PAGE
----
Sindhu had to do at least a 100 push-ups and 200 sit-ups a day. The latter were not repetitions but variations of exercises that activated the core and abdominal muscles. Thrice a week she had to do 600 to 700 abdominal routines. By a conservative estimate, she did about 600 push ups and 2400 abdominal exercises each week!

While Gopichand is the star trainer, her physiotherapist Kiran Challagundla played a major role as well. “Sindhu is a tall girl. For her, balance and stability drills are essential. The routine has to keep varying and we tweaked it each week,” says Kiran. The champ had to undergo a blood test every two months so that her nutrition and supplements could be monitored to compensate for any deficiencies. Her body weight and heart rate were constantly supervised to assess her form. Additionally, she had to run for 400 metres to 10 kilometres everyday for endurance building.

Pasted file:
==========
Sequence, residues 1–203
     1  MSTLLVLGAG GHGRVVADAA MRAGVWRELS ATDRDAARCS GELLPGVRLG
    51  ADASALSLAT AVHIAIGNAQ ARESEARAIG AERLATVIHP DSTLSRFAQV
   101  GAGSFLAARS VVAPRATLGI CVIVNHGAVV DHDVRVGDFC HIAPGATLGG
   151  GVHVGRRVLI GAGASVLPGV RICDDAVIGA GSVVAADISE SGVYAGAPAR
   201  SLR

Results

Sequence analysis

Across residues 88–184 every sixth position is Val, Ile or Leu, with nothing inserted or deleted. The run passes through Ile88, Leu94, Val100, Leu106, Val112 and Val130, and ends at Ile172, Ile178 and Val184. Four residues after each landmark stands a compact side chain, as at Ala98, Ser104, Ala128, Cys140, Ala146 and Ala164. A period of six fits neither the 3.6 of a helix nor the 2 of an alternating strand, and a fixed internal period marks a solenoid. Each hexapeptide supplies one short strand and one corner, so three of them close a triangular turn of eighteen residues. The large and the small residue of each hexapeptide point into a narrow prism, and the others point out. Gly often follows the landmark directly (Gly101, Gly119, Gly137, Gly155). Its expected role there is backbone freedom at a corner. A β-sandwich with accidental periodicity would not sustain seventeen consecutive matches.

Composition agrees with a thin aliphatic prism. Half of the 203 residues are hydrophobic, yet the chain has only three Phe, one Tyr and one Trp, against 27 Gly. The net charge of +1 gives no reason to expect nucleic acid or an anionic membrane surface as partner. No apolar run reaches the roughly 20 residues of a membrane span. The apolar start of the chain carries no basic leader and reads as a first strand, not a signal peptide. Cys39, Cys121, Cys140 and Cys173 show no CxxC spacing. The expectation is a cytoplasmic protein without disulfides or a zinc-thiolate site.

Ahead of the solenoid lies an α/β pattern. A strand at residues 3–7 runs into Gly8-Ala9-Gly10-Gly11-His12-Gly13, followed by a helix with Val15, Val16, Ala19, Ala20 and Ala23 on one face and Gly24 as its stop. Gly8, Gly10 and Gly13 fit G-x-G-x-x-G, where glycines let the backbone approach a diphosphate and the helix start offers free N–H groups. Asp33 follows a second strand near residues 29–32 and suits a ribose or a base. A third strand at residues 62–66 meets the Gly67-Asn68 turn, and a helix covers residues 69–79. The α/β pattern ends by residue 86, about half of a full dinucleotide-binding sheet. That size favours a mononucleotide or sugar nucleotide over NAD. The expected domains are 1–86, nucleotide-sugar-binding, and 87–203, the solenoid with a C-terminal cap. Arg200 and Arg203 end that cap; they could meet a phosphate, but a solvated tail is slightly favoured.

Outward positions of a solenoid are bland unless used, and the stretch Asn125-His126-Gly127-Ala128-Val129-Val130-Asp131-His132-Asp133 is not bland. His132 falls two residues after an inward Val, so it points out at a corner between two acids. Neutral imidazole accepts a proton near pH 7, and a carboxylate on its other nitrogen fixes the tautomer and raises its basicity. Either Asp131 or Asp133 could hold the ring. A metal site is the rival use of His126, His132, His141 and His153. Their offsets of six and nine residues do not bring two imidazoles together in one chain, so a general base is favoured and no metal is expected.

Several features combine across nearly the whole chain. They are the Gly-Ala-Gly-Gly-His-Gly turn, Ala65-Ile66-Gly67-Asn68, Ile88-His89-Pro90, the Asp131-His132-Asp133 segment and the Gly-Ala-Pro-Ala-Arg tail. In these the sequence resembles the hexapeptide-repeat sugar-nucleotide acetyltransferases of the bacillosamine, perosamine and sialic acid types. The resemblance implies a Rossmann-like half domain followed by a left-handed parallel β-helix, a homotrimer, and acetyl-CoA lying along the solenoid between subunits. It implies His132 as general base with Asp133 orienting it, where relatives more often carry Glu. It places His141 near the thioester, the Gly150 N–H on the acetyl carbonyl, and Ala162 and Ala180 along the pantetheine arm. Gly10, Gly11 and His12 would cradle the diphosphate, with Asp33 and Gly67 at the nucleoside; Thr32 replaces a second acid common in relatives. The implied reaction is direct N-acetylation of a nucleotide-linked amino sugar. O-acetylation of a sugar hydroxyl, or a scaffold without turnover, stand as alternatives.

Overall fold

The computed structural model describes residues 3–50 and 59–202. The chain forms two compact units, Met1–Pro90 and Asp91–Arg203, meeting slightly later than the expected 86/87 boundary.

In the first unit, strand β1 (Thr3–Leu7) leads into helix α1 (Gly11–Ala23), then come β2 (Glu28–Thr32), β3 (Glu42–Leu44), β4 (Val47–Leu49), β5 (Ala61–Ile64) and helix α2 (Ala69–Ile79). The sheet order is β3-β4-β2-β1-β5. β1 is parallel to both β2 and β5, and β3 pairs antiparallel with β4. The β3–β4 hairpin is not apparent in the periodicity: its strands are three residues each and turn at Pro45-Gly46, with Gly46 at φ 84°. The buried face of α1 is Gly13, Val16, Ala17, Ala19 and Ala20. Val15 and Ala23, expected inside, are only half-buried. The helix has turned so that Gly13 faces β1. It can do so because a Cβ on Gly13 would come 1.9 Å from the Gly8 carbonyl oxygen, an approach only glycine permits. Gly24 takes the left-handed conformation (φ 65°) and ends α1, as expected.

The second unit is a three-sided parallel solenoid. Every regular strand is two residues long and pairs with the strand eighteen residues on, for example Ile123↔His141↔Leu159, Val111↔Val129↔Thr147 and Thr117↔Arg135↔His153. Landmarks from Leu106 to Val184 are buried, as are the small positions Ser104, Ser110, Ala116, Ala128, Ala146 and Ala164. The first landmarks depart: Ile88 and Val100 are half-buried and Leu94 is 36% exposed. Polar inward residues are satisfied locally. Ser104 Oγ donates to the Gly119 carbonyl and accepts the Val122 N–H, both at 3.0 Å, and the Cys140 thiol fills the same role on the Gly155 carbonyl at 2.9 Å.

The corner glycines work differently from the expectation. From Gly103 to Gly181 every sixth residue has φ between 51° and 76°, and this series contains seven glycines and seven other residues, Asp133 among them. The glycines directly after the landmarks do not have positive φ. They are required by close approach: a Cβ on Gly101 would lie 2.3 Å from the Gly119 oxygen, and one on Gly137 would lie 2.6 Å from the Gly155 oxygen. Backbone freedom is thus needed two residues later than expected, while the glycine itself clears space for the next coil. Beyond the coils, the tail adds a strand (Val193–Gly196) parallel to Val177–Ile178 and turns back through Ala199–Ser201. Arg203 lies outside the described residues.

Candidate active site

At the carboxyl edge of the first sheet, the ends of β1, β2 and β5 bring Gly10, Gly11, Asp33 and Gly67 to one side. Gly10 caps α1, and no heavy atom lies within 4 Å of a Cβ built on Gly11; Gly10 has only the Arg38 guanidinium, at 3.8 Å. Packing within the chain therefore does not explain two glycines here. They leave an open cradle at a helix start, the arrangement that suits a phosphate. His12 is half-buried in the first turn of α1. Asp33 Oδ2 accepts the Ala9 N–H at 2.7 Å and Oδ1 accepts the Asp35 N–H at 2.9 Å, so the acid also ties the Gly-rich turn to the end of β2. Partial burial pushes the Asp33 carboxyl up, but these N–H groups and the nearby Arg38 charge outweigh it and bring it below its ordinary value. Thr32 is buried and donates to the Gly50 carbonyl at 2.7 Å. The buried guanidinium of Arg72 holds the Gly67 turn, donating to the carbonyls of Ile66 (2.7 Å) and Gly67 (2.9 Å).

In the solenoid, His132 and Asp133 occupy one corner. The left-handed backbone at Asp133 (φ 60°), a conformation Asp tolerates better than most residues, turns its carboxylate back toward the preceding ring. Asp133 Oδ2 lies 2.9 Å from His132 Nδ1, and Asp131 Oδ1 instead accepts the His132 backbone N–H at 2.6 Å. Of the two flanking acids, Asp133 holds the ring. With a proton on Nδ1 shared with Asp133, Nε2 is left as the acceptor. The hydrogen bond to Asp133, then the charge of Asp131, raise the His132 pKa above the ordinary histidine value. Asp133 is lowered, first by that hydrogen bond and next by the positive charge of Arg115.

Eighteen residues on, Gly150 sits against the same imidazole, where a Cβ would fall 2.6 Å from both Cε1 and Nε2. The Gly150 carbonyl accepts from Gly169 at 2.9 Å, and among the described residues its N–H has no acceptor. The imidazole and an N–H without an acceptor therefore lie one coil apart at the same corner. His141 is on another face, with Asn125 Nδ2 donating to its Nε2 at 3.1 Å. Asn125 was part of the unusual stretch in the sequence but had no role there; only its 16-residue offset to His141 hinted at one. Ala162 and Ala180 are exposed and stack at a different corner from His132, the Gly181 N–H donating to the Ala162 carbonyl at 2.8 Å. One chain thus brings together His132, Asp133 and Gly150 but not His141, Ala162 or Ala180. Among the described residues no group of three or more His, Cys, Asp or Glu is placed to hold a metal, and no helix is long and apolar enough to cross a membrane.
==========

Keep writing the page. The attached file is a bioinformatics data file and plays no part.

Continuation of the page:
“I used to get depressed whenever I lost. There were times in the past when I would cry in private and would keep questioning myself. But at Rio, I took one match at a time” – PV Sindhu

Mental toughness is another important factor for any player. “The most striking feature in Sindhu’s game is her attitude and the never-say-die spirit,” says Gopichand, the only man who probably knows her the best on the court. The fact that she would report on time at the coaching camps daily right from her early days of training, travelling a distance of 56 km from her residence, is perhaps a reflection of her willingness to go all the way to be the best in the game.